Sean: Unfortunately, the answer is yes. One of the truisms of history is that rising powers tend to be aggressive and expansionist. And by that, I mean that they tend to pick fights with other great powers, they tend to meddle and bully and otherwise mess in the affairs of their neighbors, and in general, they tend to make nuisances of themselves as they try to dominate greater and greater slices of their neighborhoods and of the world as a whole. And that’s a pattern that you see throughout history, I mean, going back centuries. And it’s one that, as I discovered in the course of writing this book, played out with the United States itself as well.
Jeff: One of the questions, I guess, is the extent to which great powers or rising powers, I should say, do these things in order to prove they’re great powers or simply use these actions to become great powers.
Sean: So in the book, I argue that the answer, at least for the United States, was mostly the latter. In the sense that as the United States grew more powerful, it gained the instruments and tools it needed to start executing on some of the national security strategies that it had always aspired to implement but didn’t necessarily always have the capability to execute. And so just to give you one example, listeners may remember the phrase the Monroe Doctrine from their US history classes.
And it refers back in 1823 to this declaration that President James Monroe made to the powers of Europe in which he essentially said, “We are erecting a giant keep out sign in the middle of the Atlantic Ocean. We, the United States, will not cross the ocean and meddle in European affairs, but in exchange, you, the European great power, you may not come across the ocean and try and recolonize Latin America. You may not try and take over Latin American countries. And in general, there will be a separation between the old world and the new, and that is a separation that we need as a new republic in this hemisphere to preserve our security.”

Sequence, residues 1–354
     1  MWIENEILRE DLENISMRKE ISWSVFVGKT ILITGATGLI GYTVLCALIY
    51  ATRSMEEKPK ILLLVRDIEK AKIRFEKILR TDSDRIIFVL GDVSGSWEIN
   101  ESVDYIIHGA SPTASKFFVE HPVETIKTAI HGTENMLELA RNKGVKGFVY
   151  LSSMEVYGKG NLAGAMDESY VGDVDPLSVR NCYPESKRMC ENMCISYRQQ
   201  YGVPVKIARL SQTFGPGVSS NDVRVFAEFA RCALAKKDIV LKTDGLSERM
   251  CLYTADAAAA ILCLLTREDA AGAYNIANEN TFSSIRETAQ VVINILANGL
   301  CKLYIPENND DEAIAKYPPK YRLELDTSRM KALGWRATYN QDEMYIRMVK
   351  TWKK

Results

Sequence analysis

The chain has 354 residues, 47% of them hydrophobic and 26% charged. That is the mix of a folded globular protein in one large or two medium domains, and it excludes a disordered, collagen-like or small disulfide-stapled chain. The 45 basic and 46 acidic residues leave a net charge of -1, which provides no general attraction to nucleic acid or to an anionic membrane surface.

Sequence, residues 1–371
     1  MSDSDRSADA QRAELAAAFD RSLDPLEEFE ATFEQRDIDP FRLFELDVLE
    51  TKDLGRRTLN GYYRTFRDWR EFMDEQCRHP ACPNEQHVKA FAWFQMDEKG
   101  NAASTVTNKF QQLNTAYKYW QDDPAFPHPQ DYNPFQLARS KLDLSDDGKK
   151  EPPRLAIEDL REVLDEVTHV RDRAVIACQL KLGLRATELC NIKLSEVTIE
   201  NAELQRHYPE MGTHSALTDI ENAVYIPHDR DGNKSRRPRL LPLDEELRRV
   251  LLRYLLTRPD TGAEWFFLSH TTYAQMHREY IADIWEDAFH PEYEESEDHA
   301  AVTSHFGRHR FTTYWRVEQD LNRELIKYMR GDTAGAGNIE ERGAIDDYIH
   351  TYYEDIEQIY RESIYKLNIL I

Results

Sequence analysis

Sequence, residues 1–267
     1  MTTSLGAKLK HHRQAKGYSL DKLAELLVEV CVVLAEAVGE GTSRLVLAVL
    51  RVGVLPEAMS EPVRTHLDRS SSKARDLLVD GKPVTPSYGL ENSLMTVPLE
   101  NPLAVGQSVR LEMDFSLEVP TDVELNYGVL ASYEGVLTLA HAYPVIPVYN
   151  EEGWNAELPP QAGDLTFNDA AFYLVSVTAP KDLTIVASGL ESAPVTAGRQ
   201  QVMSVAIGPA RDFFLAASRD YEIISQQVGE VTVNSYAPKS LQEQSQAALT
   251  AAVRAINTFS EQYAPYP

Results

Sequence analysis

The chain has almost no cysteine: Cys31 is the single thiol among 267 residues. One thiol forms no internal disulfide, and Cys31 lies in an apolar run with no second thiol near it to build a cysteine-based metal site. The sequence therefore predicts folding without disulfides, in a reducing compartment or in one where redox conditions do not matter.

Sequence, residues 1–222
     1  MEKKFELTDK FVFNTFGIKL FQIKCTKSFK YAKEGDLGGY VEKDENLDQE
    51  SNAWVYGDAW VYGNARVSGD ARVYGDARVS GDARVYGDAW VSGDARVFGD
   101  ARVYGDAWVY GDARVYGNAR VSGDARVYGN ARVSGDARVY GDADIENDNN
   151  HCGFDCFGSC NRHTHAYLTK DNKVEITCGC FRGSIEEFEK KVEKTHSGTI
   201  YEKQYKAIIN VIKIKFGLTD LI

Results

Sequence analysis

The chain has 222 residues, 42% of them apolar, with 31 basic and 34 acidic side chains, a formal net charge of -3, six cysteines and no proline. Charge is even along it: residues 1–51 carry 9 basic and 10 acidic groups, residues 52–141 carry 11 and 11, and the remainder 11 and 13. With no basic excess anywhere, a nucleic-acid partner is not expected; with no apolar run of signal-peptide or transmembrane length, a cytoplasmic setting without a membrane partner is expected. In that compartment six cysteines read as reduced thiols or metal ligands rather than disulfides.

And that I think was a momentous announcement. But for the first few decades after Monroe made it, it was something that the United States really just had no capabilities to enforce. And so it wasn’t really until after the events of the Civil War that we gained the sort of military and naval power and also, frankly, diplomatic and economic and political power to be able to execute that strategy.
Jeff: And when this strategy plays itself out, talk about the difference and the perception that goes along with it as to whether so many of these actions are perceived as offensive or defensive for nations on the rise.
Sean: Sure. So the core of the Monroe Doctrine I think has always been this sort of defensive idea that the United States is safer in a world in which the European great powers are kept at ocean’s length. And the reasoning I think is relatively intuitive. From the United States perspective, it’s a much better world when you don’t have hundreds of thousands of European troops right on your border than a world in which you do.
But that’s the sort of defensive, I think, framing of the strategy. The question that Monroe’s declaration left open was exactly how the United States would actually implement that strategy. And one of the points that I make in the book is that initially in the years after the Civil War, the United States tried to implement the strategy I think mostly in a defensive way.
And the problem that the United States discovered that it faced over and over and over again is that a lot of its neighbors, a lot of the countries in Central America and the Caribbean, were extremely unstable politically and economically. So much so that I think in today’s terms they would be considered failing or failed states. And this wasn’t just a vulnerability for these states, but it was a vulnerability for the region as a whole.
Because American policymakers essentially concluded that this kind of political and economic instability was a standing invitation to European expansion. And that a state that was overthrowing its president every other year or was over $100 million in debt to European banks was a state that could very easily be taken over by a European colonial power.